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Presenter: Ron Holt January 11, 2014 1. 2 What is a vital congregation? Spirit-filled, forward-leaning communities of believers that welcome all people.

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Presentation on theme: "Presenter: Ron Holt January 11, 2014 1. 2 What is a vital congregation? Spirit-filled, forward-leaning communities of believers that welcome all people."— Presentation transcript:

1 Presenter: Ron Holt January 11,

2 2 What is a vital congregation? Spirit-filled, forward-leaning communities of believers that welcome all people (Gal. 3:28) Make disciples of Jesus Christ (Matt. 28:18-20) Serve like Christ through justice and mercy ministries (Micah 6:8, Luke 4:17-21)

3 3 A vital congregation has Inviting and inspiring worship Engaged disciples in mission and outreach Gifted, equipped and inspired lay leadership Effective, equipped and inspired clergy leadership Small groups and strong children’s programs and youth ministry

4 4 Marks of vital disciples Disciples worship Disciples makes new disciples Disciples engage in growing their faith Disciples engage in mission Disciples give to mission

5 5

6 6 THE VISION: To fulfill the Mission of The United Methodist Church by equipping and empowering congregations to become vital and healthy congregations in their communities and in our world. Matthew 28:18-20 Matthew 22:36-40 Romans 12 – “The Body of Christ”

7 7 The Critical Adaptive Challenge: To redirect the flow of attention, energy and resources to an intense concentration on fostering and sustaining an increase in the number of vital congregations effective in making disciples of Jesus Christ for the transformation of the world.

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10 10 Objectives for today’s session Rethink church: Pastors/members/spiritual leaders must move our churches from being membership churches to becoming discipleship churches. Examine the critical marks of leadership to help us become spiritual leaders. Outline the marks of discipleship to assist us on our spiritual journey. Tools and strategies to identify, explore and enhance spiritual gifts in our discipleship journey.

11 11 Developing principled Christian leaders for the church and the world. The denomination in the U.S. faces a crisis in clergy and lay leadership. Our leadership must expand and grow with the demands and expectations of the world. The church must recruit young people for ministry and provide them with the skills necessary to be effective in this new time of opportunity. That includes women and people of color the world over. Similarly, we must offer leadership training for lay people who are in ministry in countless ways. One of the four areas of focus in the UMC Call for Action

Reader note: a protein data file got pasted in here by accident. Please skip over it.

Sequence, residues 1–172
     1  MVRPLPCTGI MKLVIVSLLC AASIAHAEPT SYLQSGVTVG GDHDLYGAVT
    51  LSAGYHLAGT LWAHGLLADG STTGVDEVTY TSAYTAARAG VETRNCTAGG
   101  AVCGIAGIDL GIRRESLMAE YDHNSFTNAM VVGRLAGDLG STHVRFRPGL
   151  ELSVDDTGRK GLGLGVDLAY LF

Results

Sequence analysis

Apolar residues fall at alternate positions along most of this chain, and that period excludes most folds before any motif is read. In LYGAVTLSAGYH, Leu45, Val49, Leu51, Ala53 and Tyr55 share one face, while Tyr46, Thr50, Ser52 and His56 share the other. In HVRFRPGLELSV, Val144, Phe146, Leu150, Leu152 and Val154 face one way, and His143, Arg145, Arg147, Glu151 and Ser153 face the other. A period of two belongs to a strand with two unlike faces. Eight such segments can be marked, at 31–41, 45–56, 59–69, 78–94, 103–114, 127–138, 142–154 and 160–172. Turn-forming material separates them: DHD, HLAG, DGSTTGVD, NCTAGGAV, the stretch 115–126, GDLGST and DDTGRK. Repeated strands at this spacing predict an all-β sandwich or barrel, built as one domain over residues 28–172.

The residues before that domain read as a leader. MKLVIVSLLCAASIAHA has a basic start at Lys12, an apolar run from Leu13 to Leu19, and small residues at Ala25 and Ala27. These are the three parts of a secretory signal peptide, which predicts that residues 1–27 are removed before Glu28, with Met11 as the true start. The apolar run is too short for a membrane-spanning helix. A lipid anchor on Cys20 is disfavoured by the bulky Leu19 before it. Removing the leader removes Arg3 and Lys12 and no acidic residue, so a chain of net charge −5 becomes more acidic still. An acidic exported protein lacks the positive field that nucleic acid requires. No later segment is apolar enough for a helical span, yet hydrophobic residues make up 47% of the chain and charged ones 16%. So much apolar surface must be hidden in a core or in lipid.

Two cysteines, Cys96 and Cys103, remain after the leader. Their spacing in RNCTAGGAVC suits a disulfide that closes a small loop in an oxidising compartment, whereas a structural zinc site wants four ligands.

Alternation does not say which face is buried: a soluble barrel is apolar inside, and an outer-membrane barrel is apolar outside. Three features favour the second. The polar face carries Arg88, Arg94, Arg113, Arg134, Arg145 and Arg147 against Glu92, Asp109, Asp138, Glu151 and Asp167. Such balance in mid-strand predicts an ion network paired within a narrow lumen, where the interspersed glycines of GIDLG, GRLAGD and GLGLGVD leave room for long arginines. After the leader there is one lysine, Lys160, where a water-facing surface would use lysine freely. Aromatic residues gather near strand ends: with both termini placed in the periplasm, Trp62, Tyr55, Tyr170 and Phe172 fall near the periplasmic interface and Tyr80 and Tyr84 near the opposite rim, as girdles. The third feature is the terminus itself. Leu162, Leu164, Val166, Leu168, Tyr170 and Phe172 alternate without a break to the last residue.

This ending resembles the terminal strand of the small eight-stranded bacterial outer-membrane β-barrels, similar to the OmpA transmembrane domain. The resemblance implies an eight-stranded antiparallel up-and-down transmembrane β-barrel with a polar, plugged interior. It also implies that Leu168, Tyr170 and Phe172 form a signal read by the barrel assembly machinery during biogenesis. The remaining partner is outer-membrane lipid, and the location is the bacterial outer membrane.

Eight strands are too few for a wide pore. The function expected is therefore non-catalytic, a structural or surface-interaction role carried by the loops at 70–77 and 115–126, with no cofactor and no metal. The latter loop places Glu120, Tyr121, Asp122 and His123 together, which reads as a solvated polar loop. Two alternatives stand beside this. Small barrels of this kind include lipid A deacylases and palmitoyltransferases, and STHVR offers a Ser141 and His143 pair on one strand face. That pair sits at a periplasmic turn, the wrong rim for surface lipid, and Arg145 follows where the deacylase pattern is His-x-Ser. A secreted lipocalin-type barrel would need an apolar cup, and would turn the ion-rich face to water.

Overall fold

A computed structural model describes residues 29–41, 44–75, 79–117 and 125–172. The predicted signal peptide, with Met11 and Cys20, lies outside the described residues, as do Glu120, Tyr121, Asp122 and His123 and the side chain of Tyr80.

12 “The failure to make disciple-making a priority is the basic cause of our current malaise and stagnation. It is the primary reason why our churches so often lack energy, excitement and vitality.” (Percy 2003:28) 12

13 13 Rethink church: From a membership church to a discipleship church In today’s cultural, membership has come to imply prerogatives The membership model has become the maintenance model The membership model has had a loss of vision for the mission of the church Tendency to define the congregation as exclusive rather than inclusive The goal is discipleship, which is a matter of calling, giftedness and training (spirituality) – not title or position

14 14 Becoming a discipleship church In today’s cultural context, membership has come to imply prerogatives. In the Protestant explosion of the 1950s, membership implied obligation.

15 15 The membership model has become the maintenance mode. In the membership model, ministry focuses on the membership of a particular congregation. Becoming a discipleship church

16 16 The membership model has had a loss of vision for the mission of the church. The mission of the church – characterized quite simply as participation in God’s love in Jesus Christ for the world. Becoming a discipleship church

17 17 Tendency to define the congregation as exclusive rather than inclusive. The whole notion of the “church for others” has gotten lost. People act - consciously and unconsciously - to protect the “church for ourselves.” Becoming a discipleship church

18 18 The goal is discipleship, which is a matter of calling, giftedness and training (spirituality) – not title or position. Discipleship is about individual Christians – and the church as a community of Christians – living together, living in mission. Spirituality is being attuned to the ways of God. The spiritual life is choosing them daily. Becoming a discipleship church

19 discipleship If the goal is discipleship, then the critical issue is leadership. 19

20 20 Six marks of leadership 1. Commitment to personal discipleship 2. Ability to see and cast the vision 3. Ability to contextualize the vision 4. Ability to align community and vision 5. Ability to continually communicate 6. Ability to manage change

21 21 1. Commitment to personal discipleship The first critical element of Christian leadership is to lead from active, living faith Six marks of leadership

22 22 2. Ability to see and cast the vision Vision is not just the picture of the preferred future. It is also the picture of the desired present. Six marks of leadership

23 23 3. Ability to contextualize the vision A vision that is unrelated to the concrete realities and the real-life world of the congregation is little more than a pipe dream. Six marks of leadership

24 24 4. Ability to align the community and the vision The ability to enroll the constituency and align the institutional structures of the congregation to the vision. Six marks of leadership

25 25 5. Ability to continually communicate The fifth critical element of leadership is the will to keep creatively repeating the vision and inspiring those who follow to embrace it. Six marks of leadership

26 26 6. Ability to manage change Change that is not well-managed will fail and hurt the congregation and those who care about it. Insistence on continued implementation is critical to managing change. Six marks of leadership